TV gardener Adam Frost shares his expertise on designing garden access to give a sense of movement and destination
The design, materials and shape of your paths all directly impact your garden, visually and practically. As well as being a way of getting from A to B, a path can help divide up the garden, enhance the drama and geometry of a scene, gently wend its way to far-flung corners, or even create a visual ‘pull’.
The most important aspect when designing a path is its purpose. Think about the path’s destination, how quickly you want people to get there and how heavily used it will be.
Paths determine the way people navigate a space. They’re also a way to direct people around your garden and steer them towards focal points or views, or slow them down to enjoy a feature.
Without a path, people tend to move haphazardly through a space. Think about how you’d walk through a wild area such as a woodland; most likely you’d be looking down for trip hazards rather than enjoying the views. Adding a path gives a sense of movement and destination.
As soon as you provide an access route you don’t have to think about where to put your feet and your head can come up instead, allowing you to look around.
MATERIALS & EDGING
The style of your path has a massive impact on the overall design of your garden. Look to use materials that suit the age and style of your house and choose a path type that fits with the garden colour scheme and planting style.
You’ll also need to decide what kind of edging to use where a path meets other features such as borders or a lawn. For instance, gravel paths may need edging to prevent gravel spilling into flowerbeds; using flush edging no higher than the lawn makes mowing easier.
Simple brick edging gives a classic, timeless look. You can create different effects by the way you lay the bricks – such as the classic, timeless stretcher bond or more visually exciting herringbone.
Timber edging is cheap and cheerful and can be used straight or curved, while steel edging gives a smart edge to a lawn, but needs to be installed carefully, especially if it’s used to go around bends or sharp curves.
Small units such as granite setts are hardwearing, easy to use, and you can obtain them in various shades of grey. They’re particularly useful for situations that require tight curves.
Stone edging is a good way to tie in with, for example, the stone used on a terrace and helps to give continuity of materials around the garden.
WHAT TYPE OF PATH?
1 GET THERE FAST Are you just going from A to B or is the route more convoluted? Is the path to be used every day (primary path) or only occasionally? A primary path should be roughly 1m (3ft 3in) wide so it’s practical to walk along, although paths used less often can be narrower. Primary paths that are heavily used need to be made from hard-wearing materials. Tie them in with the overall look of the house and garden by colour or texture etc. Use focal points to invite people to travel along the route.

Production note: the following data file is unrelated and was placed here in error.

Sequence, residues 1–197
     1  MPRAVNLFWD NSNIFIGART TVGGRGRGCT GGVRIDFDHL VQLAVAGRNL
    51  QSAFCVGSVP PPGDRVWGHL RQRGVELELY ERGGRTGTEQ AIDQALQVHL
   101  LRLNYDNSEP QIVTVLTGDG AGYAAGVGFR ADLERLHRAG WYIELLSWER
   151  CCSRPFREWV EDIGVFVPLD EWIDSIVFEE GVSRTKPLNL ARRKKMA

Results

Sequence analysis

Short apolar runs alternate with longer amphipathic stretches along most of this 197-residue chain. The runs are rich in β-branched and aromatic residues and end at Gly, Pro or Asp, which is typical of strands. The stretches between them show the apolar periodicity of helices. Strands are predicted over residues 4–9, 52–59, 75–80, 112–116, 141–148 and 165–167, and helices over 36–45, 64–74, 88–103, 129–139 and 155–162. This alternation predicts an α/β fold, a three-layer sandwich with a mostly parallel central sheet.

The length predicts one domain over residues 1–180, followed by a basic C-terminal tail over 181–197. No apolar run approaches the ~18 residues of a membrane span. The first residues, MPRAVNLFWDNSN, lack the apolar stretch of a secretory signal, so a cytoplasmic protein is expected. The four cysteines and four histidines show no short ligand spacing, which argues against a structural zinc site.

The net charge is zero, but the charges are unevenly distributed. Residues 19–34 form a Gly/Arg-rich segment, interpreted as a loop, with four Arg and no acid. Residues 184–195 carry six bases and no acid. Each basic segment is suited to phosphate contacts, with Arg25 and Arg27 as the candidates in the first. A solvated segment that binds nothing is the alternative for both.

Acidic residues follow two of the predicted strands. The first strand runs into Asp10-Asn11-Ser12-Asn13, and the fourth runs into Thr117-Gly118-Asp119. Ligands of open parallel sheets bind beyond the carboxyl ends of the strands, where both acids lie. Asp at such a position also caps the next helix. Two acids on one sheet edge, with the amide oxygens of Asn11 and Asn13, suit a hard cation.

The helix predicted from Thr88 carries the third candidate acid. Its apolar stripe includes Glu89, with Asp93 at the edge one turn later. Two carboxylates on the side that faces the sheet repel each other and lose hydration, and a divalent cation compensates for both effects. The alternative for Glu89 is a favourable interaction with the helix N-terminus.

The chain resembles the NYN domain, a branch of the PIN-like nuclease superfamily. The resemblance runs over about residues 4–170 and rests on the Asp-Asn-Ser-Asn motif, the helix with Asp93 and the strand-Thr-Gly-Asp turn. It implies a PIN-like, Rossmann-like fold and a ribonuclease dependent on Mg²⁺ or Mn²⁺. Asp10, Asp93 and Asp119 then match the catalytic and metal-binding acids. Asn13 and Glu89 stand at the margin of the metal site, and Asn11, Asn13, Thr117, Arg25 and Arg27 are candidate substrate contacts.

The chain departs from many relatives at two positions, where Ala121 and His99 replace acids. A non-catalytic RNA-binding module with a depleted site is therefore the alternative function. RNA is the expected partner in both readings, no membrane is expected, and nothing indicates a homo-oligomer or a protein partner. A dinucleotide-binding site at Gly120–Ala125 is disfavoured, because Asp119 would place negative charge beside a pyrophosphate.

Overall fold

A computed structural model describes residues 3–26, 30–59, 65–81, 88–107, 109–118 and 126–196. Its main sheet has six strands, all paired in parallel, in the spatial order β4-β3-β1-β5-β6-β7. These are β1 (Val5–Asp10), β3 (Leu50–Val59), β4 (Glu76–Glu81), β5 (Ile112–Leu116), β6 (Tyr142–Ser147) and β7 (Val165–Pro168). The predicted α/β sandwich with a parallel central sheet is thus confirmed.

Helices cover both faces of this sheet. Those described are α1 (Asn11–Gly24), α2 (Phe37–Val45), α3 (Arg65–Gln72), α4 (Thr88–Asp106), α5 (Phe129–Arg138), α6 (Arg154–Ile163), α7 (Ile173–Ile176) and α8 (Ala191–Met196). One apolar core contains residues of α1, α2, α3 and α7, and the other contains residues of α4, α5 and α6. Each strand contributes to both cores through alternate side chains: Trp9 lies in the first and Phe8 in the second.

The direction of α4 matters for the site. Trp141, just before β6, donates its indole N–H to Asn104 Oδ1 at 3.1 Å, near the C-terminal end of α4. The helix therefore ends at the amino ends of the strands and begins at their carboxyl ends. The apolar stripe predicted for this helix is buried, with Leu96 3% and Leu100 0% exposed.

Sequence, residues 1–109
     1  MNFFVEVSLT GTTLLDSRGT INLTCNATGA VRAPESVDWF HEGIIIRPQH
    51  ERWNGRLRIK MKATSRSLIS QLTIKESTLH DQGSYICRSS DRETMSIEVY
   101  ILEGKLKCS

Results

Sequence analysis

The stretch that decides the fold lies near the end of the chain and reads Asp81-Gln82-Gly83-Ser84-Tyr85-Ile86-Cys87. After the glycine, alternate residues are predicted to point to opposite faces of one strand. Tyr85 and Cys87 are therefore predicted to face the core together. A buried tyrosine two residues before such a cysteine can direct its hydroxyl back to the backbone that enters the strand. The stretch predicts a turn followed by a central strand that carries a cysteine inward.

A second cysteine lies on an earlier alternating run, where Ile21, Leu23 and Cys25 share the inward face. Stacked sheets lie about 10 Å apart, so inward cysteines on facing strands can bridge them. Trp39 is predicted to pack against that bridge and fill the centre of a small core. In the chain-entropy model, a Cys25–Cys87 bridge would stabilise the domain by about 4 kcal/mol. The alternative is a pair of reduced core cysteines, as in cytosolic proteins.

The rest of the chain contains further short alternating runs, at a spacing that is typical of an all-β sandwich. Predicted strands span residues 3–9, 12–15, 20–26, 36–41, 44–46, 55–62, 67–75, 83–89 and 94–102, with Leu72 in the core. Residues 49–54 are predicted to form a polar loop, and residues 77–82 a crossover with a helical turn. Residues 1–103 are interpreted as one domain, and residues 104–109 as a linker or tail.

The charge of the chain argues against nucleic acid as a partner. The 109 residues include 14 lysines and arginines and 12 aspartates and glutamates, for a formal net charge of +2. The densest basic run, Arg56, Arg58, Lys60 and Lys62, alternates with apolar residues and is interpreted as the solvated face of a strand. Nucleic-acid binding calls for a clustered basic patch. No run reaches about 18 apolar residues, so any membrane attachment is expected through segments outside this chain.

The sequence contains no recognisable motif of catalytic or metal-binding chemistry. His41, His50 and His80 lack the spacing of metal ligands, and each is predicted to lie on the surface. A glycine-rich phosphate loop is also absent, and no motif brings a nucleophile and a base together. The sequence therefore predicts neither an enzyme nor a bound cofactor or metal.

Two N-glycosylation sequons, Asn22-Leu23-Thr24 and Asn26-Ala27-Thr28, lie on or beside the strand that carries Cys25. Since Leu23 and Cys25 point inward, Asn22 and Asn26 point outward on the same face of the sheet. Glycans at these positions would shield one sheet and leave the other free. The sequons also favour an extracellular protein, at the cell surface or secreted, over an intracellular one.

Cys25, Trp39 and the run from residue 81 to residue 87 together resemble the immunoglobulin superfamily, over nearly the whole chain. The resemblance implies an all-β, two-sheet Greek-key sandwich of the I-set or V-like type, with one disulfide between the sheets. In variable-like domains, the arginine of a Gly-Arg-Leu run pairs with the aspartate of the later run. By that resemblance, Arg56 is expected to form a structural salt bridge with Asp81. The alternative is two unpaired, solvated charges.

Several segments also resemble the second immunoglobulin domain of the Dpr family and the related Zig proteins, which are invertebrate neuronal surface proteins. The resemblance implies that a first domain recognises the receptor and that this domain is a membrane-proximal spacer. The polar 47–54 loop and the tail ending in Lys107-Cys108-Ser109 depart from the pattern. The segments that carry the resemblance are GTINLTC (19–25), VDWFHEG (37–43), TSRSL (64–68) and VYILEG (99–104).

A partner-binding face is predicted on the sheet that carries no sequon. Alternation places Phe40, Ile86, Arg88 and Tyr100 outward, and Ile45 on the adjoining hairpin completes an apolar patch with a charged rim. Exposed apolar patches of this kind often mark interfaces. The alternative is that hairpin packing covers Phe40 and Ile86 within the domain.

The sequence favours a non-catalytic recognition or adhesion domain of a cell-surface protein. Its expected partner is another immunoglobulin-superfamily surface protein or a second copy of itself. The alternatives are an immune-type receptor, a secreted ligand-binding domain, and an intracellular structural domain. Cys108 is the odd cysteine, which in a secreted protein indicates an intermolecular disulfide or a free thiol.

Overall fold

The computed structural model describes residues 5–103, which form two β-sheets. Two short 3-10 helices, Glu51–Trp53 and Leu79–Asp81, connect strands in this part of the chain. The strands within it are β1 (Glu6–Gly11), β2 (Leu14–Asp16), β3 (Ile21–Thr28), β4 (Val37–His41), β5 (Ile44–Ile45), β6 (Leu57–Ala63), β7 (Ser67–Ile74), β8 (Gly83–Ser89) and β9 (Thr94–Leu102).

2 SLOW MOVEMENT WITH A CURVE
While the quickest route from A to B is a straight line, it might divide the garden in a way that’s not useful to your design. Curved paths can slow people down and bring a sense of movement into a garden. A focal point encourages people to linger midway along a path, while arches or a pergola provide interest and a sense of mystery. Edge your path with planting to stop people from cutting the corner.
3 ADD A PAUSE FOR THOUGHT
Add seating along a path to encourage people to pause as they move through the space. This will invite them to enjoy different views, slow down their journey and get more out of the garden. Use different materials and paving patterns to make your pausing points distinct from the path. Irregular paving, with planting to the side, will soften the path lines. If you’re adding seating, remember to provide a good view or focal point for people to look at.
4 OFFER A DIVERSION
Paths that are only used occasionally can still become part of your overall design. They lead the eye, invite possibilities and tap into the power of suggestion. Vary the materials or match the primary path to help integrate the diversion into the design. Stepping stones might not be heavily used, for example, but they provide a real focal pull and, practically, they help prevent wear and tear on your lawn.
Adding a bench invites people to sit and pause awhile, enjoying the planting around the seat and views up or down the path. Be sure to offer a good view to look at from the seat. A decorative pot, urn or small water feature can be positioned at the far end of a straight path, acting as a focal point to draw people along, even if the path leads ‘nowhere’.
This is an edited extract from RHS How to Create Your Garden by Adam Frost (£20, DK), available at all good book retailers and garden centres